This is why low and middle income countries, like those in Africa, should prioritise setting up biobanks despite the high cost and other challenges.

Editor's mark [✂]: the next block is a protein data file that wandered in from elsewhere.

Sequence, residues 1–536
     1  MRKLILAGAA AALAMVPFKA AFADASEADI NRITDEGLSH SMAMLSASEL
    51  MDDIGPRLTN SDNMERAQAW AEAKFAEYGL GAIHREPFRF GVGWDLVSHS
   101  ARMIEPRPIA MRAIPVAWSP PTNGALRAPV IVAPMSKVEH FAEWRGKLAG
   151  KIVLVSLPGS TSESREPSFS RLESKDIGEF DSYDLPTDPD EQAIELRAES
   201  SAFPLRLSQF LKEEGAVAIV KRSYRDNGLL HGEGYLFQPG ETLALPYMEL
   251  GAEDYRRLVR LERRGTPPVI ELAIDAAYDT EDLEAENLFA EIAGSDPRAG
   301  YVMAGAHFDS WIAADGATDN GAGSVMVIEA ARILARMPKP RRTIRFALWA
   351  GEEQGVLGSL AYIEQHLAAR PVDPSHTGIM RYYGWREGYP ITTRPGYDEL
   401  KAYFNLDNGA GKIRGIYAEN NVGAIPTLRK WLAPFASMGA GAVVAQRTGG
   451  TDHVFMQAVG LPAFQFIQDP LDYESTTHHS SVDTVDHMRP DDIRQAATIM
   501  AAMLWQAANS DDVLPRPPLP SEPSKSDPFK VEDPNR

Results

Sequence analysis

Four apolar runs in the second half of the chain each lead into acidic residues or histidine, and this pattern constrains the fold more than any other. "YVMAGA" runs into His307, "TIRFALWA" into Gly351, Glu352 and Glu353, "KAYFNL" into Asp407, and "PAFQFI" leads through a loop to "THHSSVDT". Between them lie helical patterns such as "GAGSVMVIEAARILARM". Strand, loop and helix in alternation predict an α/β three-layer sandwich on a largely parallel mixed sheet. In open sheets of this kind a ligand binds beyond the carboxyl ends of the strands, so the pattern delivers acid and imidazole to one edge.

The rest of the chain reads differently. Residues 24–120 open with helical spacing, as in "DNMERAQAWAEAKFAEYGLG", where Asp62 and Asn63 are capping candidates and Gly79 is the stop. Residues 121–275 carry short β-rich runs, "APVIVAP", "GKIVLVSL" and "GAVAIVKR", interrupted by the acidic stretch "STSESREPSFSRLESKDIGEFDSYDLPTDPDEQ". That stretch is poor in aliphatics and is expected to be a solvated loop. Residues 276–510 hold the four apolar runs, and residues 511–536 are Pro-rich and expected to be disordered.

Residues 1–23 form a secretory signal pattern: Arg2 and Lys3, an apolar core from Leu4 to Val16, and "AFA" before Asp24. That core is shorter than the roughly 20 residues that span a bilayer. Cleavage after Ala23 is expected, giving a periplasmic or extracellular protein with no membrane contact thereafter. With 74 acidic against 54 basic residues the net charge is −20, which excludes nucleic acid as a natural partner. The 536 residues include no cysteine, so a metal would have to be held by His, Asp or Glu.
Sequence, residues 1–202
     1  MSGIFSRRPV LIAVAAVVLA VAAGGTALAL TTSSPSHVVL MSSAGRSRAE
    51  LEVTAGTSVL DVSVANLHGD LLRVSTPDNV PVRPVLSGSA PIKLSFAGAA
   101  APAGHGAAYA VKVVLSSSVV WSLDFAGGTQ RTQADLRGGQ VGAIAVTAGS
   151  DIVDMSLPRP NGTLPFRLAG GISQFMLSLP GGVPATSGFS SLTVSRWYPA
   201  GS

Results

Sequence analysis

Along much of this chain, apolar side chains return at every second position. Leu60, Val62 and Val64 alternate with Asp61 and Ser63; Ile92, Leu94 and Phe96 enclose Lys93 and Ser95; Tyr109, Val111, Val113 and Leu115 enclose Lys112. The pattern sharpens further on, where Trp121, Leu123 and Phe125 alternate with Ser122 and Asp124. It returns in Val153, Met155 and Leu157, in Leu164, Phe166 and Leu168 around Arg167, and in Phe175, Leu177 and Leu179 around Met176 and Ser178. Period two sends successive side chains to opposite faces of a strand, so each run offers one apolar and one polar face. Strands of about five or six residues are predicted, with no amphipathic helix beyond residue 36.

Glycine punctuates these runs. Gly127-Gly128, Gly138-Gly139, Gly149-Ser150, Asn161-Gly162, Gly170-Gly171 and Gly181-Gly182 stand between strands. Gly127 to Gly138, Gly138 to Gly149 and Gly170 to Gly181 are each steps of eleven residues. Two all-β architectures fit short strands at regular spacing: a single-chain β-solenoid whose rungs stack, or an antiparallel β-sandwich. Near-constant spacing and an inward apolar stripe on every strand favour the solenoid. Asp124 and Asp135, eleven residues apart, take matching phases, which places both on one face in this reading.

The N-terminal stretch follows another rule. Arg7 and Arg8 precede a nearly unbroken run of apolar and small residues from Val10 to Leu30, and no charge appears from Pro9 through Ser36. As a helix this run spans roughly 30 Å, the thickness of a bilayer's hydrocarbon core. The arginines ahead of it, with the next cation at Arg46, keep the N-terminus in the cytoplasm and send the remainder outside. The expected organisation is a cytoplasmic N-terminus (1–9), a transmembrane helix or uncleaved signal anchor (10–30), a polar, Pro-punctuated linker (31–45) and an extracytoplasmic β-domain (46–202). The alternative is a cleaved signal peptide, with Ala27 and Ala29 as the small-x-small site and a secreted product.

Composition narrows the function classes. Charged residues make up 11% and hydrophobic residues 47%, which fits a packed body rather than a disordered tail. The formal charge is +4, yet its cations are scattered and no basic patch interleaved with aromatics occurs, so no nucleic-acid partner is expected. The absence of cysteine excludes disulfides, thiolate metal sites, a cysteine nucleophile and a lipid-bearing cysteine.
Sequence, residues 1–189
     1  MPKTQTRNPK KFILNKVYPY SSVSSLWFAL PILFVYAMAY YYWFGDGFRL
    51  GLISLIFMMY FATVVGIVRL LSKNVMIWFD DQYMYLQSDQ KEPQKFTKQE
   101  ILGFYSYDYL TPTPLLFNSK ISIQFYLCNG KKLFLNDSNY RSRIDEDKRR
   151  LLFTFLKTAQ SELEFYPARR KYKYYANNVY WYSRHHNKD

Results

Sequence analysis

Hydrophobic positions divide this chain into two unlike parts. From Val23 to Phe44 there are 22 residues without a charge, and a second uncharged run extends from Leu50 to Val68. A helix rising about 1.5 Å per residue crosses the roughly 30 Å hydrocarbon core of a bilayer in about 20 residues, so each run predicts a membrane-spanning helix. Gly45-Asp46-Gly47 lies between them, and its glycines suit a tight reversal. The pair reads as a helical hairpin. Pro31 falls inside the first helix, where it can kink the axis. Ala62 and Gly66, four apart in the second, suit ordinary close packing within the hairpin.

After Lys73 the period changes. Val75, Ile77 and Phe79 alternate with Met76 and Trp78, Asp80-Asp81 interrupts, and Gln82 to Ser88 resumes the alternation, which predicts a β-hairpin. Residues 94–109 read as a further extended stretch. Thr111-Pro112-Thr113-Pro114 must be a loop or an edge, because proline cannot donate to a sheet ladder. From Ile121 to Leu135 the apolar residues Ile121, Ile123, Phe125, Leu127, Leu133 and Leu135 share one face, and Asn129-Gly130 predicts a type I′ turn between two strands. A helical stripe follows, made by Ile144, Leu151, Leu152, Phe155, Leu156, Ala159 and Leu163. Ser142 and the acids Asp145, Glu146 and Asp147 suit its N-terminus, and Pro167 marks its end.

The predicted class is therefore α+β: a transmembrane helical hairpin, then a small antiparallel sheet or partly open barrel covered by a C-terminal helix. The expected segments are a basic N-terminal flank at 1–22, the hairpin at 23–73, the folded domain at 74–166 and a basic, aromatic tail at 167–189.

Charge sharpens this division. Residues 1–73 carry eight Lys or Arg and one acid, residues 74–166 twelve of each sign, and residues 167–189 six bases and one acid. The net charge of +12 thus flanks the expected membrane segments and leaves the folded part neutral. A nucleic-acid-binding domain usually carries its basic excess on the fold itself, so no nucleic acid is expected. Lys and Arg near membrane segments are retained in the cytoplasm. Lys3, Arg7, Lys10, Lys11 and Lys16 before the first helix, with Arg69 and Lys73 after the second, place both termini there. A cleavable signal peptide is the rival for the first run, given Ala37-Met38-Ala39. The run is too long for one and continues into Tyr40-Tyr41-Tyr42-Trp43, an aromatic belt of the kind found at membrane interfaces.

Biobanks are repositories which receive, store, process and disseminate specimens. These include DNA derived from humans and animals; bacterial strains; and environmental samples like plants and soil. Biobanks also provide the vital infrastructure for research to support scientific advancement and innovation. Dominique Anderson, Alan Christoffels and Carmen Swanepoel wrote in The Conversation that, according to a recent study, across the world, scientists’ ability to reproduce research is staggeringly low. More than 70% of the 1500 scientific participants in the study could not replicate other scientists’ experiments. And half were unable to replicate their own experiments. Crucially, they can improve scientists’ ability to replicate results and experiments, a process known as reproducibility. This is very important because being able to reproduce research verifies results and means it can be trusted. Biobanks have high quality assurance and control measures in place, making them safe, reliable spaces to store material for repeated testing that could lead to trustworthy science that saves lives. Read more